Scientists presented promising data today at the 35th Annual Meeting of the American Society of Clinical Oncology (ASCO) on the use of a pioneering drug technology known as "antibody-targeted chemotherapy" to fight acute myelogenous leukemia (AML) - a virulent and often fatal form of cancer. The experimental agent, CMA-676, induces remission in a significant proportion of patients with few serious side effects. CMA-676 represents the first successful application of antibody-targeted chemotherapy.
AML is an aggressive, life-threatening disease in which certain white blood cells become cancerous and rapidly replace normal bone marrow and blood cells. AML is among the most serious forms of adult leukemia, with a relatively high fatality rate. Most patients require intensive chemotherapy to achieve complete remission, and some also must undergo bone marrow transplants. Up to half of patients with AML, even after such intensive treatment, have residual leukemic cells or experience a relapse.
Because current chemotherapy drugs to treat AML are non-specific - destroying good as well as bad cells - patients receiving standard chemotherapy tend to become very sick. Researchers at the Fred Hutchinson Cancer Research Center, in collaboration with scientists from thirteen leading leukemia centers, including University of Chicago Medical Center, MD Anderson Cancer Center, and the University of Pennsylvania Cancer Center, are working with Wyeth-Ayerst Research and Celltech PLC to study CMA-676, an antibody-drug conjugate that delivers treatment directly to the leukemia cells.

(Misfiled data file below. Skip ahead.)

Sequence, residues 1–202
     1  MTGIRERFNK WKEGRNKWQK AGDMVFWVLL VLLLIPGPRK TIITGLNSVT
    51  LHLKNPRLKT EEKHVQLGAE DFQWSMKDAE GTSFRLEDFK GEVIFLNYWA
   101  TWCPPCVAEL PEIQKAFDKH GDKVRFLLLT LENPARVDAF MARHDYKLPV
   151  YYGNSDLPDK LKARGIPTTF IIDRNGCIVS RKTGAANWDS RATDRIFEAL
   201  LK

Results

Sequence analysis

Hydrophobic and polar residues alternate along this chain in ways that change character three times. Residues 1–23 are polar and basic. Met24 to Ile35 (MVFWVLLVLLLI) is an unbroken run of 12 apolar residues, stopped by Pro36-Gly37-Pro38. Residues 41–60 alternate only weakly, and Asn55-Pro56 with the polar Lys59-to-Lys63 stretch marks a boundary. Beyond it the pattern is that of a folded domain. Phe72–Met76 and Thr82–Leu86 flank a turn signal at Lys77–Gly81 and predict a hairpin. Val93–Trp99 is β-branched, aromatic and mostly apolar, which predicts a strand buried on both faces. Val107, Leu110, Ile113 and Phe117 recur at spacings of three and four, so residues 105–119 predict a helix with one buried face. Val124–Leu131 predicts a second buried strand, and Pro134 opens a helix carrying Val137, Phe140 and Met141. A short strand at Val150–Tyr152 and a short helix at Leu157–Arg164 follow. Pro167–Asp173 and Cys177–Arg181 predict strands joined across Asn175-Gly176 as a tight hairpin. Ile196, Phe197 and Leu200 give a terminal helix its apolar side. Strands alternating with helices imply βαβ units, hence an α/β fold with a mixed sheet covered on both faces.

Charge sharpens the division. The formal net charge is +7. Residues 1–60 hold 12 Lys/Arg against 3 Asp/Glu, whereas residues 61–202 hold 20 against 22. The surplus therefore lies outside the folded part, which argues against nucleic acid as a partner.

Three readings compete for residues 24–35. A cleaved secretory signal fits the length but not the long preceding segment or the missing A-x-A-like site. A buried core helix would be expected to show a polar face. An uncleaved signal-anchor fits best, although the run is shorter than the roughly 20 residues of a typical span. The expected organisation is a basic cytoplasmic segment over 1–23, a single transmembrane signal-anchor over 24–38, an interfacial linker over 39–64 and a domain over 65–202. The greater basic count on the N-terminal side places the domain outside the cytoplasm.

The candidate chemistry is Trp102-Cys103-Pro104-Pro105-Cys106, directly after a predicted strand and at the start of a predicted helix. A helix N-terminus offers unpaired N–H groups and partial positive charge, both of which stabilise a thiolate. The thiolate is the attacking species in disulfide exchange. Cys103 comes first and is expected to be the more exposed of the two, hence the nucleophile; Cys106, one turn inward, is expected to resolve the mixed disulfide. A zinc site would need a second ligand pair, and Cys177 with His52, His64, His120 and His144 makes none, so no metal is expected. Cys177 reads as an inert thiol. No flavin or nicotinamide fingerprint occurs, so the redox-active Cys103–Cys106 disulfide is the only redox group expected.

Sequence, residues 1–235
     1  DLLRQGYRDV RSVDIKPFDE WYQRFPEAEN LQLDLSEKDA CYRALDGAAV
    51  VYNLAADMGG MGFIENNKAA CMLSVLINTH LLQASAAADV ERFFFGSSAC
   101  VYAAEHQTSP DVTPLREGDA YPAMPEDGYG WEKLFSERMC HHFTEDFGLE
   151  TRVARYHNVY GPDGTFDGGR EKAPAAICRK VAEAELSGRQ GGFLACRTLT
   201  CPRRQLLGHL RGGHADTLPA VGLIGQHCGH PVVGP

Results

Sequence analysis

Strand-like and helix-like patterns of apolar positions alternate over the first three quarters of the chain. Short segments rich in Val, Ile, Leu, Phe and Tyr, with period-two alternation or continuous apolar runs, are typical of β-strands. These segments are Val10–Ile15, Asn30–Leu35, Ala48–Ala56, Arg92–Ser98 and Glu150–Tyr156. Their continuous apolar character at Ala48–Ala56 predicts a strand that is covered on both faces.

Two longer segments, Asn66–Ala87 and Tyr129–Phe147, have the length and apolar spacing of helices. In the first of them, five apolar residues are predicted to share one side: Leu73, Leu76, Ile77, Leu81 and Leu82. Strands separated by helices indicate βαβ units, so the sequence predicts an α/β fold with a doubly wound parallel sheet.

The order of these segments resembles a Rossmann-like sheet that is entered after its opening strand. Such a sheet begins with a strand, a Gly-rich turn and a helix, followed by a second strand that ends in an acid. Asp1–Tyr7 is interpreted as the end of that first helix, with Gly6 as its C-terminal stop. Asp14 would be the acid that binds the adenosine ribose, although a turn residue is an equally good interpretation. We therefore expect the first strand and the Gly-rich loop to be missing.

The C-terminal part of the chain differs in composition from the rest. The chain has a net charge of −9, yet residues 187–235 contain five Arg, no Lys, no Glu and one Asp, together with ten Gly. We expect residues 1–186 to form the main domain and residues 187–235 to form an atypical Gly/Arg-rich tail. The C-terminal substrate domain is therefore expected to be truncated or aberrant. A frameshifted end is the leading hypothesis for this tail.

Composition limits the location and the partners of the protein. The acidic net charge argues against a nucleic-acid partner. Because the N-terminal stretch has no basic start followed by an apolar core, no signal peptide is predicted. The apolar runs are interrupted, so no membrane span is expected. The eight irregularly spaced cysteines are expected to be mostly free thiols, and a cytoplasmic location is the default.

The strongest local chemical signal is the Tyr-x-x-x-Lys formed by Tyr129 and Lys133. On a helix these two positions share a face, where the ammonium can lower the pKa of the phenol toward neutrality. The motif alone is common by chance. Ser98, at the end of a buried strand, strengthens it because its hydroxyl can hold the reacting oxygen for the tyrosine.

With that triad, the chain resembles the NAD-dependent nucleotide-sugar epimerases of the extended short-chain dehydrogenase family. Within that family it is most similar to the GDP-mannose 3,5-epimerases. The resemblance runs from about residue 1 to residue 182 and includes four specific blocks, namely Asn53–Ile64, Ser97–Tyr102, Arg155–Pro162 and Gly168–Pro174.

The specificity of the conjugate lies in the antibody, which recognizes a
cell-surface molecule that is abundant on AML cells. Importantly, however, the
cell surface molecule is absent from normal blood stem cells, the seeds from
which normal blood and immune cells originate. Specially engineered to carry a
novel and extremely potent chemotherapy agent known as calicheamic
Contact: Susan Edmonds
Fred Hutchinson Cancer Research Center